To do so, they need to anticipate exactly what information – or ‘evidence’ to quote Justin Williams, head of shared services at Tesco Bank – the board will find vital during each of these stages and ensure that they get the initial set up correct to be able to serve up this information accordingly. What, for example, is the upfront cost of the knowledge solution? What timeline will you be following? How will the solution save time for employees and the HR department and how will you measure this? What will the long-term benefits for the business be? And how can ROI be calculated following the install?

According to our research, HR decision-makers are spending more than a third of their day on average – that’s up to 12 working weeks each year – handling routine calls and emails from employees. Why not try positioning those numbers to your board, alongside detailed suggestions of the proactive activity you could be completing instead – always a good starting point.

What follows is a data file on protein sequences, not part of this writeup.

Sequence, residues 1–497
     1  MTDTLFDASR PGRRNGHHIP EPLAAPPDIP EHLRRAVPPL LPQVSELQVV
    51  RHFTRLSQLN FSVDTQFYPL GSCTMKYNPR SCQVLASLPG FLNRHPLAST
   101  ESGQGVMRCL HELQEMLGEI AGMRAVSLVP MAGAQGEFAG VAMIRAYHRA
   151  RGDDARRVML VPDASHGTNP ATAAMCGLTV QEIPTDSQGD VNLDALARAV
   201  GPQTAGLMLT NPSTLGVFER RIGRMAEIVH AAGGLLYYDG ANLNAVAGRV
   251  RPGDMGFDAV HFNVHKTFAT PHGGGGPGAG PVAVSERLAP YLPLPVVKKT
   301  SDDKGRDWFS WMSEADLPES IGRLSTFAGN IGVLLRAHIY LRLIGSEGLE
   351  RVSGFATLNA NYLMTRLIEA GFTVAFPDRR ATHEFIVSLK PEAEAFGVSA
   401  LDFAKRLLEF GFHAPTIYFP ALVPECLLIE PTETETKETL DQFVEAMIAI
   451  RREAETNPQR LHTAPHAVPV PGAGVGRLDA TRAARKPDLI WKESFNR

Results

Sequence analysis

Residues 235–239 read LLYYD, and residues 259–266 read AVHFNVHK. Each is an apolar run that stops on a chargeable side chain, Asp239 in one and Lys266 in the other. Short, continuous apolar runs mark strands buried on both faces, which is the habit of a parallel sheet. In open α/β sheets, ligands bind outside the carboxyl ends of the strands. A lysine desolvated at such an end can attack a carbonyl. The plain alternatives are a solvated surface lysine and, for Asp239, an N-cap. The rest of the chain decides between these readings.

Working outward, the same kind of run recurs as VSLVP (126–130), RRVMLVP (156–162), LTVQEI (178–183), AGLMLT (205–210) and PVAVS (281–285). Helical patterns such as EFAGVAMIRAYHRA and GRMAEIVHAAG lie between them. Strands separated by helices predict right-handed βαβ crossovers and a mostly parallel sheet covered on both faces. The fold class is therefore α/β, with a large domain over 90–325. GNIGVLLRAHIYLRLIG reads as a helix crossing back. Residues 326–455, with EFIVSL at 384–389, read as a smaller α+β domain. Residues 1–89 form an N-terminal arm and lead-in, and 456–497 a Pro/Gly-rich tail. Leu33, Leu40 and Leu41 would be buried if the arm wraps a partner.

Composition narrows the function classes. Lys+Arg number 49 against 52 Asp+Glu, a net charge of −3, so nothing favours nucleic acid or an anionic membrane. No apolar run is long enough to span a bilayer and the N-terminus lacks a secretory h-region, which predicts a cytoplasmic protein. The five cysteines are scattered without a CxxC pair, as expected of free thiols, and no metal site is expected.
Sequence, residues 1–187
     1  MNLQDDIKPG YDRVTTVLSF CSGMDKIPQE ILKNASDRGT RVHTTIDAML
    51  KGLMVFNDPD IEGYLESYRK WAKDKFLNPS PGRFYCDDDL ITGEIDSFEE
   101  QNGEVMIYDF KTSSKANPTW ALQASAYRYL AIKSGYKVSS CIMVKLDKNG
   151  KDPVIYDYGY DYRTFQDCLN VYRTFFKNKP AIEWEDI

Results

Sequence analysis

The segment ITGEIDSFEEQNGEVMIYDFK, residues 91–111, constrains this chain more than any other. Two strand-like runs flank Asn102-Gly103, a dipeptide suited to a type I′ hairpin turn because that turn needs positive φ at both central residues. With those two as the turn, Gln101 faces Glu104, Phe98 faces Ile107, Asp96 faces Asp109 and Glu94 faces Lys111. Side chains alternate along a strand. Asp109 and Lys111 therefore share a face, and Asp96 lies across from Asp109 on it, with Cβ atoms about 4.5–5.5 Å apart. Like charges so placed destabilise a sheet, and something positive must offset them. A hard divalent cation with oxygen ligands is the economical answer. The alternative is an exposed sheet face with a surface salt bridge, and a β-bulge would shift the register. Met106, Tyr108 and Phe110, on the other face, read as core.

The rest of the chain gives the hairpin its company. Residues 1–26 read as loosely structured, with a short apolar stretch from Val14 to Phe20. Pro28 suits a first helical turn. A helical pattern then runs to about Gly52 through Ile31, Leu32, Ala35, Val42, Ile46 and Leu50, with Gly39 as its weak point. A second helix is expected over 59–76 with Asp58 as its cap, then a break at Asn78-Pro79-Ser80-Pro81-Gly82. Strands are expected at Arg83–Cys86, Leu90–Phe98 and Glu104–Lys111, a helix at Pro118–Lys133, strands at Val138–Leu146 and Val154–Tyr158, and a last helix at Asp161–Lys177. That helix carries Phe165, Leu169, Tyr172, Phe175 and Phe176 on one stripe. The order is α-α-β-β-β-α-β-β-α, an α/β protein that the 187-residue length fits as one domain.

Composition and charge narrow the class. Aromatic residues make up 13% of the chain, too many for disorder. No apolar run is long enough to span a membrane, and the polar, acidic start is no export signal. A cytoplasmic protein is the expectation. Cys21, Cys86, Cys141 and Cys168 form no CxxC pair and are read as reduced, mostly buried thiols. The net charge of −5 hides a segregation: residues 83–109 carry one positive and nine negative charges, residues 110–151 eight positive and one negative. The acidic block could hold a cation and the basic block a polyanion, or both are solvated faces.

2. By correctly positioning the intranet internally as an evolving solution

The system should be launched as a ‘developing tool’ that knowledge can be added to over time – AskHR does not need to be launched as a fully functioning tool”. Dawn Bradshaw

During the summit, it became apparent to us that there was a disconnect amongst HR decision makers and their businesses when it came to the difference between the set-up and the completion time for internal knowledge systems. While set up time will obviously vary from one organisation to the next depending on its size and structure, HR departments need to carefully set the expectation internally that the solution will be launched as a ‘work in progress’ knowledgebase that can be built up over time – ‘completion’ as such is not an end goal. An example time frame discussed was that of Tesco Bank, which is seeing positive results already, six weeks into the set up.

A successful launch is not about ensuring that every piece of information is available on the intranet but ensuring the information for the most frequently asked questions is available straightaway, with the understanding that more will follow.  By building in this expectation from the offset, the HR team can cut themselves some slack to work with employees – following the launch – to identify and fill in gaps in the knowledge.  

3. By preventing information overload